Secretary of State John Kerry reportedly told U.S. senators to disregard Israeli reports of Iran’s progress in developing a nuclear weapon.
Also, his spokeswoman dismissed an Israeli Cabinet minister’s account of a proposed deal with Iran as “inaccurate, exaggerated, and not based in reality.”
Kerry’s tense meeting Wednesday with senators and Jen Psaki’s unusually blunt dismissal of claims by Yuval Steinitz, the strategic affairs minister, were signs of increasing tensions between Jerusalem and Washington over how best to keep Iran from obtaining a nuclear weapon.
Kerry met with senators privately in a bid to persuade them not to advance a U.S. House of Representatives bill that would intensify existing sanctions targeting Iran. Israeli Prime Minister Benjamin Netanyahu favors enhancing the sanctions, as do a number of leading senators.
Afterward, senators attending the meeting said Kerry advised them to ignore Israeli warnings that Iran was on the cusp of being weapons capable.
“I was supposed to disbelieve everything the Israelis had just told me, and I think the Israelis probably have a pretty good intelligence service,” Sen. Mark Kirk (R-Ill.) told Buzzfeed.
Netanyahu and his government have intensified their advocacy for new sanctions since reports from talks over the weekend between Iran and the major powers suggested that the powers were willing to ease sanctions on Iran should agree to drop uranium enrichment to 3.5 percent.
Most experts say that level is well below weaponization, but Israel has argued that Iran’s nuclear infrastructure is advanced to the point that even at that level, it could advance its weapons program.
The House Foreign Affairs Committee on Wednesday held a hearing on the talks, which will be resumed Nov. 20, and members of both parties said Iran should at the minimum abide by U.N. Security Council resolutions and suspend all enrichment.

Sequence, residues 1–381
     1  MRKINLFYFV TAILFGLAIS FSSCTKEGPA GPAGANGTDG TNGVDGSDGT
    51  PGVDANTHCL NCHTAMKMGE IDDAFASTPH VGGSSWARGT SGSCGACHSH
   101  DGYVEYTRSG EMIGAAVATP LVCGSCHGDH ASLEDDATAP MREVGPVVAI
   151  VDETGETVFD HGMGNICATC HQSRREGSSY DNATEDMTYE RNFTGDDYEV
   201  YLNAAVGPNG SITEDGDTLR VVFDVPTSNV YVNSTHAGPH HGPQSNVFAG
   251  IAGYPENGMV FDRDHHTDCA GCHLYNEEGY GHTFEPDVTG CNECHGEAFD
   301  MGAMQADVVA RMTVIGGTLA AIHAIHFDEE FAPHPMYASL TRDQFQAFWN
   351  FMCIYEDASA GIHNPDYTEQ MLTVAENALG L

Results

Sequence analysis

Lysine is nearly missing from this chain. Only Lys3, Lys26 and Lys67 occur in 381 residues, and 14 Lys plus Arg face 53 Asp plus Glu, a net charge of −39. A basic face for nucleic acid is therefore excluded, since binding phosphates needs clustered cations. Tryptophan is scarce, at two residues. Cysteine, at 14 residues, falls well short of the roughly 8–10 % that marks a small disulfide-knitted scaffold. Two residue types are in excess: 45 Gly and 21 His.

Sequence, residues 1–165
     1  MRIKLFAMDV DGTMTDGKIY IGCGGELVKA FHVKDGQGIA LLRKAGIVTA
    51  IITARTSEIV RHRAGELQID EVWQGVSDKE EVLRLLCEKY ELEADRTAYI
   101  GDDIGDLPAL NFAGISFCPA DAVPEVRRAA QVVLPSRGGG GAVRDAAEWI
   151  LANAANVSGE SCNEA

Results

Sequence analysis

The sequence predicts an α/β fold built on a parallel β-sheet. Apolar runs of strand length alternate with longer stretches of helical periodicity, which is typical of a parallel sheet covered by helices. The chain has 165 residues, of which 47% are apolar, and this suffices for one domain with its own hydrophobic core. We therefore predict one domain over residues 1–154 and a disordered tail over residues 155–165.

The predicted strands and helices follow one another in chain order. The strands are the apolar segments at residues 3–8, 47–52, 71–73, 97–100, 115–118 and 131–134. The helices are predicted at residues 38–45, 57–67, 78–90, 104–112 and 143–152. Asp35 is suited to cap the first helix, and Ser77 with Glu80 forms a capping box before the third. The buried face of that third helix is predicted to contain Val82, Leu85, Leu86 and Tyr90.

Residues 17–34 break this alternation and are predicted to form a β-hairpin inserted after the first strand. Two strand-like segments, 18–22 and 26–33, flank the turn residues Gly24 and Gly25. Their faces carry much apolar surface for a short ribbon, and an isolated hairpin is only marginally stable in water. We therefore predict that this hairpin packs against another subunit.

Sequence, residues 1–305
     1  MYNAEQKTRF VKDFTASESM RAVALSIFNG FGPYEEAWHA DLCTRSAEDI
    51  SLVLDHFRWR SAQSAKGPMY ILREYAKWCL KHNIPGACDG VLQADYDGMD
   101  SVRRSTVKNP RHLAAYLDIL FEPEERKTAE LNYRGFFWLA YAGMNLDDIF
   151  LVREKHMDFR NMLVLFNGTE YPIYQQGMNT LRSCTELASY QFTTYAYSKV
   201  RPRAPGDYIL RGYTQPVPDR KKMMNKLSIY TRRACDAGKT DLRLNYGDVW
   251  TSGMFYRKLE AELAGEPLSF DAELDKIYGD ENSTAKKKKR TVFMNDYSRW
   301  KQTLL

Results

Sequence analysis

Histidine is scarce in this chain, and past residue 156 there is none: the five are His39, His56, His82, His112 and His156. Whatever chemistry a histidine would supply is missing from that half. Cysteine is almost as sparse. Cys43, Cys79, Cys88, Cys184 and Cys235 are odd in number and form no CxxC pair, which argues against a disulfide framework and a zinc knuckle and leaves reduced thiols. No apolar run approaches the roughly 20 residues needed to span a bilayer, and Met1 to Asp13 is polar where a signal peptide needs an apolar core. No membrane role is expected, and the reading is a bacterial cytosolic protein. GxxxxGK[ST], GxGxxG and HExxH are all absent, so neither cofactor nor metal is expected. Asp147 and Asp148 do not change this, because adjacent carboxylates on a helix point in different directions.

“Let’s be clear – none of us here today were at the negotiating table, and as far as I know, none of us have yet been briefed on the details,” said Rep. Eliot Engel (D-N.Y.), the top Democrat on the committee. “So I think it would be wise for all of us to speak with some degree of caution until all the facts are known. Having said that, I’m deeply troubled by reports that the proposed agreement would not have required Tehran to stop all enrichment.”
The Obama administration has pushed back hard against reports it says are not based on the actual offer proposed at the Geneva talks, which has not been made public.
Steinitz said this week that the sanctions relief offered in Geneva could relieve Iran up to $40 billion of the $100 billion impact currently affecting Iran’s economy. Psaki was unusually blunt in dismissing that number.
“Without going into specifics about what we’re considering, that number, I can assure you, is inaccurate, exaggerated, and not based in reality,” she told reporters Wednesday.
Meanwhile, Obama on Wednesday consulted on the Iran talks with French President Francois Hollande.
Of the six major powers negotiating with Iran – also including Britain, Germany, China and Russia – France has emerged as the hardest line in insisting on Iranian disarmament, according to reports.
The White House’s account of the call pushed back against claims that France was the sole holdout over the weekend against inking a deal.
“The United States and France are in full agreement regarding the P5+1’s unified proposal to Iran and the approach to negotiations,” said the statement, using the abbreviation for the six major powers. “They consider the P5+1 proposal to be a sound step toward assuring the international community that Iran’s nuclear program is exclusively peaceful.”
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